Improving Daisy (Part 3)
The third of Stephen Delft's series on building a guitar routing box.
All that remains is a diagram of the pre-amp board and details of the output transformers.
These are a special item, made by Sowter Transformers, (Contact Details). The part number is 3642, and at present, two will cost £12.36 incl post + VAT in the U. K. These transformers will remove any possibility of hum loops via the two output sockets and the switch box's own earth, and also give a small voltage gain (1.2 times) to compensate for losses in the buffer stage. They will also isolate you from any electrically doubtful equipment connected to the output jacks.
The transformers are mounted in any convenient place away from the power supply, by pairs of 6 B.A. screws. Remove all connections from both output sockets, trace two of the wires to the link switch and disconnect them there also. Re-arrange a standard three-way tag strip to give two down and one up as shown in the photograph last month, and solder to the tags of the link switch from which you just disconnected two wires. You must now identify the leads from the transformers. The secondary leads each have two inner wires. Blue and the braid connect to the sleeve tag of their output socket, and Red connects to the tip tag.
The transformer input leads have only one inner. You should still have one wire hanging around loose which comes from the sleeve tags of the input jacks and formerly connected to the sleeve tags of the output jacks, until you removed it. This wire, and the braids of both transformer input leads, connect to the turned-up tag on the three-way strip, and to nothing else. The inner wires to the transformers go to the other two tags on the three-way strip which are soldered to the link switch.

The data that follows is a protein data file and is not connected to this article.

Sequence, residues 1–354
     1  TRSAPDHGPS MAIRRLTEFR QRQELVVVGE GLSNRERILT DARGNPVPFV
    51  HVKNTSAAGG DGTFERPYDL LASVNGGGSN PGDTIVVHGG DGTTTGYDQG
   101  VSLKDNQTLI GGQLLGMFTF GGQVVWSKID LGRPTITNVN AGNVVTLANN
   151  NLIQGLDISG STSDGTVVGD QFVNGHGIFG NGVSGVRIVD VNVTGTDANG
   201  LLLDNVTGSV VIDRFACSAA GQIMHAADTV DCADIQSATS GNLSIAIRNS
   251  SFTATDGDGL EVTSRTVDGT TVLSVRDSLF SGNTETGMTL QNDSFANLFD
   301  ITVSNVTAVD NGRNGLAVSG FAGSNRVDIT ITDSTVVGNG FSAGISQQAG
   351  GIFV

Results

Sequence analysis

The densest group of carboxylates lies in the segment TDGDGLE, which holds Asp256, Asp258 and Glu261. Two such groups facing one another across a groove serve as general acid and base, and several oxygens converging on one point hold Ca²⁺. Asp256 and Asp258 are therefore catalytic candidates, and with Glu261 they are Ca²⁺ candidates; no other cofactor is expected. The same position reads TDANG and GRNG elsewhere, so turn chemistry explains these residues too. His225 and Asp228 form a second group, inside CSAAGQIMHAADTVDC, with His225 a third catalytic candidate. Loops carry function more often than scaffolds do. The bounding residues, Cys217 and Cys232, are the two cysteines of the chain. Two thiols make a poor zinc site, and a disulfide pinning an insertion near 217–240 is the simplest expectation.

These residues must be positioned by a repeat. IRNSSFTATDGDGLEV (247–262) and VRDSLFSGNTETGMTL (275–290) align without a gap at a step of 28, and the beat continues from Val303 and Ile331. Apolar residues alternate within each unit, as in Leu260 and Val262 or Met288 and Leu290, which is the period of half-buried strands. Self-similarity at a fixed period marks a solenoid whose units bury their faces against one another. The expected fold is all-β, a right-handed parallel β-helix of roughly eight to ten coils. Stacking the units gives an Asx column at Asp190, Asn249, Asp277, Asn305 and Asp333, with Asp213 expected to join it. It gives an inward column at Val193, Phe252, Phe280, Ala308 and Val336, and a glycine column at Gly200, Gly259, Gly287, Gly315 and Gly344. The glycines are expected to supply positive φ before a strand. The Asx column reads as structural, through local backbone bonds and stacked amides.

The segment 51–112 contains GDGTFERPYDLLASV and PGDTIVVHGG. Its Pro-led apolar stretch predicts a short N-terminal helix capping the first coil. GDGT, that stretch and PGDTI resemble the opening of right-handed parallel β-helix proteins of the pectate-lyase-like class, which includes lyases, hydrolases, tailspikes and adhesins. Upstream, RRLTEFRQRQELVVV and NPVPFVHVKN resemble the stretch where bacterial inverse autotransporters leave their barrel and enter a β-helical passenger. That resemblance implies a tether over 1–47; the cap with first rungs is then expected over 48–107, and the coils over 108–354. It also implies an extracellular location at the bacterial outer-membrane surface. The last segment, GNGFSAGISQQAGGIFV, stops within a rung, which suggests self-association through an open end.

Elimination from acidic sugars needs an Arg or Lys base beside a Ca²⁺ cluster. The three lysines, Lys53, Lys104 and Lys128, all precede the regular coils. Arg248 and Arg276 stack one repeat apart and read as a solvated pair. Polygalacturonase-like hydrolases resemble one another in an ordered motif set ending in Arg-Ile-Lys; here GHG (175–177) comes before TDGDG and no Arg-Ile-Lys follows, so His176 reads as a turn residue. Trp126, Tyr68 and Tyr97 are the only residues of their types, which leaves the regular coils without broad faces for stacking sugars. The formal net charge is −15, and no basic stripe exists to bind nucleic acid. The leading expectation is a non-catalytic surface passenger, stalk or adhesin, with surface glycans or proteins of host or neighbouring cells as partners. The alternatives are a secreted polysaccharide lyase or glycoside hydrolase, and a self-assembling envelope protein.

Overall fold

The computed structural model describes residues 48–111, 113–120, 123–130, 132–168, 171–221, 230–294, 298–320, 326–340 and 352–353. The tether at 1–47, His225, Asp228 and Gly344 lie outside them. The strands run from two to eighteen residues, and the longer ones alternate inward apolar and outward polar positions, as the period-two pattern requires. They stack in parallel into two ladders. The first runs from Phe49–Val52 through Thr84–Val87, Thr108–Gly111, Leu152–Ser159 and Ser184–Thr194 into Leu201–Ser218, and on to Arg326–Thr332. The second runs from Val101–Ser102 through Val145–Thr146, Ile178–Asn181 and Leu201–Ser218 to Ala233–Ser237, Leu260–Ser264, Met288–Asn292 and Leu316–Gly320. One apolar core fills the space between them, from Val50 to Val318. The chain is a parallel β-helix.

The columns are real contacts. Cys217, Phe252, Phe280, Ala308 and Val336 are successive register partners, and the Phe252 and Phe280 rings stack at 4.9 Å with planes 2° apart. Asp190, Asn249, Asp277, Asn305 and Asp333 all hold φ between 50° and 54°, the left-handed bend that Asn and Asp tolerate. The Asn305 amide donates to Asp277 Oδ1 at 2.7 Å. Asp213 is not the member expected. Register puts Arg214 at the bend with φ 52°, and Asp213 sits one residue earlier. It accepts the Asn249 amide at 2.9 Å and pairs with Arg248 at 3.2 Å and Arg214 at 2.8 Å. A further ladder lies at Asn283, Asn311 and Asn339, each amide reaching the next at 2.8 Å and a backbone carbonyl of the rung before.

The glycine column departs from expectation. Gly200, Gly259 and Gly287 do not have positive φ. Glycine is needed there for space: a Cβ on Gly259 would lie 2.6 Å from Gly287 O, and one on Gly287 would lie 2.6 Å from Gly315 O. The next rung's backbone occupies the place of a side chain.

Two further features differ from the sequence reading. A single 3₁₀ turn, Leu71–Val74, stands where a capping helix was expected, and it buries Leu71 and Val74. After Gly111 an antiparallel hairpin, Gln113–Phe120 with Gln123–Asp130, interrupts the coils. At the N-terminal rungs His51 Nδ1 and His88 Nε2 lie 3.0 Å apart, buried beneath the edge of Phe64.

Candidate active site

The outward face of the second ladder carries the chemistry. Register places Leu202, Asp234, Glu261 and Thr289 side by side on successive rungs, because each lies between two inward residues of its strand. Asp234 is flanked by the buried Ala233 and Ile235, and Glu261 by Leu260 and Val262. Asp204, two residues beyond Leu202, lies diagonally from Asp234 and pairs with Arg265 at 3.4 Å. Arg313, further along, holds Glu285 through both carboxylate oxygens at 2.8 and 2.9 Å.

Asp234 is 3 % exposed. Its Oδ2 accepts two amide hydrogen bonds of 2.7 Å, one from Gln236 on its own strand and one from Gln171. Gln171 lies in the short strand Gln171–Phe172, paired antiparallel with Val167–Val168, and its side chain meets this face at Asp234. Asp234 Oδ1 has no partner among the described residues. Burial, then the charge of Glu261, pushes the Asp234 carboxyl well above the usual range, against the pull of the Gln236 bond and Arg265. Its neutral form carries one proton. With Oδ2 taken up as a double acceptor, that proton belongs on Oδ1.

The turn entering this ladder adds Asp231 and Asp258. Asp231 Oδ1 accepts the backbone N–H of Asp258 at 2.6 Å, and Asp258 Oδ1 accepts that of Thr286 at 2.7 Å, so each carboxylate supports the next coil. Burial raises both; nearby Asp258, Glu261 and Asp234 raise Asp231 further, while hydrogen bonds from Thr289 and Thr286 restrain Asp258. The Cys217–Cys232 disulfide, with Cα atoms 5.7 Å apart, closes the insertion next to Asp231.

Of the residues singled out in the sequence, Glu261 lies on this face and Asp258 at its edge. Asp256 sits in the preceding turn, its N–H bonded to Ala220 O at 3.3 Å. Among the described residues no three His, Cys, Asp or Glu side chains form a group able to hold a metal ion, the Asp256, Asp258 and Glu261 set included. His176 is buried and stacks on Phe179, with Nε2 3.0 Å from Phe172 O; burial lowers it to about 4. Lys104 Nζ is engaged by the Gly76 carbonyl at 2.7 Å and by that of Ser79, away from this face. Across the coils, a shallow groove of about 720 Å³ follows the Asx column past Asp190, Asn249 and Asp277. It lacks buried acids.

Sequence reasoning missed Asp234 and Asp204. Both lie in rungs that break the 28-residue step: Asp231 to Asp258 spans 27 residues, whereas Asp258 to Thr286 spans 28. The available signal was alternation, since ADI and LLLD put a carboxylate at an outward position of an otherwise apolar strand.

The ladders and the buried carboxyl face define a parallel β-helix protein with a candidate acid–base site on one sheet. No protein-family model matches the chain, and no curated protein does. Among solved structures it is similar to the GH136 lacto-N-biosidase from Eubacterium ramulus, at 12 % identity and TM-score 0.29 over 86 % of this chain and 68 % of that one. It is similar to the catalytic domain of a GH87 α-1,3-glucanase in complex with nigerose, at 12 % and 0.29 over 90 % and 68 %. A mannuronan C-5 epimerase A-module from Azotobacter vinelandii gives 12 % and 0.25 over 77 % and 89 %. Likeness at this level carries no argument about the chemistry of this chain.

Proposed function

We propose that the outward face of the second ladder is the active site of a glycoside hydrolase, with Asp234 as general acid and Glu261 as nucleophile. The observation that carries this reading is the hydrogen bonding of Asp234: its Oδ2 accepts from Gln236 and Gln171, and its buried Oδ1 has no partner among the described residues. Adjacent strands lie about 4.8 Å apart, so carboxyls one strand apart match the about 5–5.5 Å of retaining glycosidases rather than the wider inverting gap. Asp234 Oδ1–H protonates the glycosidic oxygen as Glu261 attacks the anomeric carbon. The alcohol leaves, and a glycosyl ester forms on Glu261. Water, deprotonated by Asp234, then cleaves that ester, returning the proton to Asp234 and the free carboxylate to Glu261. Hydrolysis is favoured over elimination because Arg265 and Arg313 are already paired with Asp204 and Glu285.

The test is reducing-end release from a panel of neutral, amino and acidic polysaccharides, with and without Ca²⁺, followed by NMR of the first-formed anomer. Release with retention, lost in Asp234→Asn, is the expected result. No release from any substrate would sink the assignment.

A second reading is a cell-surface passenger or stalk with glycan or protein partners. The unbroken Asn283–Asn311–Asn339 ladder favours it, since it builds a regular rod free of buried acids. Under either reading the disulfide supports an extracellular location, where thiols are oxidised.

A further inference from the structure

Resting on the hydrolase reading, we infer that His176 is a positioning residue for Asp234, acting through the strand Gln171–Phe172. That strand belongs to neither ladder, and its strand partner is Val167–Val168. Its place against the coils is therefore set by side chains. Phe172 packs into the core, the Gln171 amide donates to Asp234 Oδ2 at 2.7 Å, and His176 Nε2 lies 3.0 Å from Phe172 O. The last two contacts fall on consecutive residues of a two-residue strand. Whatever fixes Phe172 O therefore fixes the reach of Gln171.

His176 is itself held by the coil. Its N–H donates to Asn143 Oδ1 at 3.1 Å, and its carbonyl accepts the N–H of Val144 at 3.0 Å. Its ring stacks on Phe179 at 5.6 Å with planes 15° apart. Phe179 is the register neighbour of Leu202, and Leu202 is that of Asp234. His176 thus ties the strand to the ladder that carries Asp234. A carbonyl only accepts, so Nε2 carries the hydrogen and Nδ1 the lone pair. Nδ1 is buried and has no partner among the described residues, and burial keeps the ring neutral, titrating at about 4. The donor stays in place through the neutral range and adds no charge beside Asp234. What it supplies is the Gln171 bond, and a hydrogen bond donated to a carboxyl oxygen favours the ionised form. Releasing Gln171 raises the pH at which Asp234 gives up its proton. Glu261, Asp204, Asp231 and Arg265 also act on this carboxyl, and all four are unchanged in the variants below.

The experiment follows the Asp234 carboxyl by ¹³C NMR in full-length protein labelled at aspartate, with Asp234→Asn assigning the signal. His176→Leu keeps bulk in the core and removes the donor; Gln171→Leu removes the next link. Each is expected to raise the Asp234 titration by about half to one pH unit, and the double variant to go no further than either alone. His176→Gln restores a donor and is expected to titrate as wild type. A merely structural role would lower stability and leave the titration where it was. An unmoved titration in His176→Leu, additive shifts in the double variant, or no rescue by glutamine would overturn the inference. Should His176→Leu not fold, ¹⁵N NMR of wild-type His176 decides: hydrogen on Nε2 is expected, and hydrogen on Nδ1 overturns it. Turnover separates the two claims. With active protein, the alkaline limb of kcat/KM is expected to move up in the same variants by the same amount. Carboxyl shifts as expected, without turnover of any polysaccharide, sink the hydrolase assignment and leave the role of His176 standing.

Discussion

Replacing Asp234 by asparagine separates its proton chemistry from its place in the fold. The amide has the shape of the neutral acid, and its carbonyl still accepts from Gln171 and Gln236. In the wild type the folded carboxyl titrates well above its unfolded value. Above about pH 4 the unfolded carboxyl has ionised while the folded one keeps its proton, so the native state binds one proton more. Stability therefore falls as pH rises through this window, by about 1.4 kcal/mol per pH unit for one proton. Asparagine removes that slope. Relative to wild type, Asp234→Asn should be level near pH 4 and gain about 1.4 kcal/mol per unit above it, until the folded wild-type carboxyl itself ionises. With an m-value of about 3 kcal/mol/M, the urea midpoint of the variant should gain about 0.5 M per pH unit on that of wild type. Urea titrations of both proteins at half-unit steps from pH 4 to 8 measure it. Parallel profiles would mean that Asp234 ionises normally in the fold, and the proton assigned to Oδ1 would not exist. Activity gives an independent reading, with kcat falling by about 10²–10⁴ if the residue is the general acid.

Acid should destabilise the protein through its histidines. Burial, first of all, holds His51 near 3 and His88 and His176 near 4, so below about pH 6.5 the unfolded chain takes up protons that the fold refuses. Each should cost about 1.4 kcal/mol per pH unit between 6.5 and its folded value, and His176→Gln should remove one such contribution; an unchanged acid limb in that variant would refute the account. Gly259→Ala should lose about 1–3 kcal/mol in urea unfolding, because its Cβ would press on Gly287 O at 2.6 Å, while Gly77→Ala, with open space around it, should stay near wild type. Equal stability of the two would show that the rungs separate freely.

That completes the construction of DAISY. If you find that, with your preferred amp arrangement, the two amps are out of phase (see article on hum loop isolator, May, 1975) you can either reverse the loudspeaker leads of one transformer only (not the braid). If you find you need to re-arrange this frequently, you could insert a phase change switch in one transformer output lead.
The reasons for the 1k. ohm padding resistors in the output of each buffer amp are:- 1), to assist stability by isolating the buffer amp from an unsuitable (Capacitative) load, and 2), to define the worst loading conditions which can apply to each amp when they are linked.
Without the resistors, each amp would be trying to drive its signal back into the output impedance of the other amp and there would be severe distortion. The cost of this simple arrangement is that the total output remains roughly constant when both channels are linked; the signals are mixed, not added together. I think this is probably an advantage; if you want a full range booster, they are cheap enough to buy.
(If you have technical or career enquiries on this or any of my other articles, please send them to the magazine, not directly to me.)
Feature by Stephen Delft
mu:zines is the result of thousands of hours of effort, and will require many thousands more going forward to reach our goals of getting all this content online.
If you value this resource, you can support this project - it really helps!